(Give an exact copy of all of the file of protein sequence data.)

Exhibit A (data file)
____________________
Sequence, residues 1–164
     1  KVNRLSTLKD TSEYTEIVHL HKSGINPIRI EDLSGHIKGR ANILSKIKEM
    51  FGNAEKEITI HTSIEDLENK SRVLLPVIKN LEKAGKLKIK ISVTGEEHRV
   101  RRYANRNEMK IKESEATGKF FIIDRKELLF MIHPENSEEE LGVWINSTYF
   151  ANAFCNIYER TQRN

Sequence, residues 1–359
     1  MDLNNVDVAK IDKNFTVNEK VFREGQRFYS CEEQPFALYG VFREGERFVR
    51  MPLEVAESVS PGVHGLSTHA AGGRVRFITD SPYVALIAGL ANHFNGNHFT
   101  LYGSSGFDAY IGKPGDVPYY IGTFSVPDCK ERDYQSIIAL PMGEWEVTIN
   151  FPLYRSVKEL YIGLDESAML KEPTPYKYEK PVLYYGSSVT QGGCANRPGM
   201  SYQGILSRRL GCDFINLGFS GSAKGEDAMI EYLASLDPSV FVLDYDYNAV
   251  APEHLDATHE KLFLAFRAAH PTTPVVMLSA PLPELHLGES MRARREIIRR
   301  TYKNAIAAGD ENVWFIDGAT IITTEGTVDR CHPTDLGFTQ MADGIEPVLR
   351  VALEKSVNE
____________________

Sequence, residues 1–164
     1  KVNRLSTLKD TSEYTEIVHL HKSGINPIRI EDLSGHIKGR ANILSKIKEM
    51  FGNAEKEITI HTSIEDLENK SRVLLPVIKN LEKAGKLKIK ISVTGEEHRV
   101  RRYANRNEMK IKESEATGKF FIIDRKELLF MIHPENSEEE LGVWINSTYF
   151  ANAFCNIYER TQRN

Sequence, residues 1–359
     1  MDLNNVDVAK IDKNFTVNEK VFREGQRFYS CEEQPFALYG VFREGERFVR
    51  MPLEVAESVS PGVHGLSTHA AGGRVRFITD SPYVALIAGL ANHFNGNHFT
   101  LYGSSGFDAY IGKPGDVPYY IGTFSVPDCK ERDYQSIIAL PMGEWEVTIN
   151  FPLYRSVKEL YIGLDESAML KEPTPYKYEK PVLYYGSSVT QGGCANRPGM
   201  SYQGILSRRL GCDFINLGFS GSAKGEDAMI EYLASLDPSV FVLDYDYNAV
   251  APEHLDATHE KLFLAFRAAH PTTPVVMLSA PLPELHLGES MRARREIIRR
   301  TYKNAIAAGD ENVWFIDGAT IITTEGTVDR CHPTDLGFTQ MADGIEPVLR
   351  VALEKSVNE